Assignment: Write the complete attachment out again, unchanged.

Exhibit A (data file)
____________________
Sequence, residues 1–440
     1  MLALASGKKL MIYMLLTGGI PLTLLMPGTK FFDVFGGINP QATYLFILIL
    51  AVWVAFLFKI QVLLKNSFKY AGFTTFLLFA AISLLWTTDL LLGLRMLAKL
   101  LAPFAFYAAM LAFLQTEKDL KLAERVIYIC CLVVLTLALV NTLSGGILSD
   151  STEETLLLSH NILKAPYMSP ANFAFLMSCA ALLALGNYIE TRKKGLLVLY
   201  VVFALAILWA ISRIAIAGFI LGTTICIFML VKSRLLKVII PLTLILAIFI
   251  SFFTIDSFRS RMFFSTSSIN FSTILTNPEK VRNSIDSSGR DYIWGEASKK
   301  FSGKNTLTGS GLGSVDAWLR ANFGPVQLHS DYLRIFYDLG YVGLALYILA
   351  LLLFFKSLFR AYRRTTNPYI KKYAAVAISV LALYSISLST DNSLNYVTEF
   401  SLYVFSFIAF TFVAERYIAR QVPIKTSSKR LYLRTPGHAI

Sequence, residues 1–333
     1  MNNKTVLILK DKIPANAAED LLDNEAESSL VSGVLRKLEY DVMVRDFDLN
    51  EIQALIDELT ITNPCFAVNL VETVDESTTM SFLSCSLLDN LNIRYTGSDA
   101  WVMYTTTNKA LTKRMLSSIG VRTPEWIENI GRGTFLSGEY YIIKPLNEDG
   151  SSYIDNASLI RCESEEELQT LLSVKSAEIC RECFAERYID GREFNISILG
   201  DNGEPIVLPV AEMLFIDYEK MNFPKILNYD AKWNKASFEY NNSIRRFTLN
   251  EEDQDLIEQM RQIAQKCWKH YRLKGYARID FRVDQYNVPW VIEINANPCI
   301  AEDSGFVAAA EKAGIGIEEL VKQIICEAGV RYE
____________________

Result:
Sequence, residues 1–440
     1  MLALASGKKL MIYMLLTGGI PLTLLMPGTK FFDVFGGINP QATYLFILIL
    51  AVWVAFLFKI QVLLKNSFKY AGFTTFLLFA AISLLWTTDL LLGLRMLAKL
   101  LAPFAFYAAM LAFLQTEKDL KLAERVIYIC CLVVLTLALV NTLSGGILSD
   151  STEETLLLSH NILKAPYMSP ANFAFLMSCA ALLALGNYIE TRKKGLLVLY
   201  VVFALAILWA ISRIAIAGFI LGTTICIFML VKSRLLKVII PLTLILAIFI
   251  SFFTIDSFRS RMFFSTSSIN FSTILTNPEK VRNSIDSSGR DYIWGEASKK
   301  FSGKNTLTGS GLGSVDAWLR ANFGPVQLHS DYLRIFYDLG YVGLALYILA
   351  LLLFFKSLFR AYRRTTNPYI KKYAAVAISV LALYSISLST DNSLNYVTEF
   401  SLYVFSFIAF TFVAERYIAR QVPIKTSSKR LYLRTPGHAI

Sequence, residues 1–333
     1  MNNKTVLILK DKIPANAAED LLDNEAESSL VSGVLRKLEY DVMVRDFDLN
    51  EIQALIDELT ITNPCFAVNL VETVDESTTM SFLSCSLLDN LNIRYTGSDA
   101  WVMYTTTNKA LTKRMLSSIG VRTPEWIENI GRGTFLSGEY YIIKPLNEDG
   151  SSYIDNASLI RCESEEELQT LLSVKSAEIC RECFAERYID GREFNISILG
   201  DNGEPIVLPV AEMLFIDYEK MNFPKILNYD AKWNKASFEY NNSIRRFTLN
   251  EEDQDLIEQM RQIAQKCWKH YRLKGYARID FRVDQYNVPW VIEINANPCI
   301  AEDSGFVAAA EKAGIGIEEL VKQIICEAGV RYE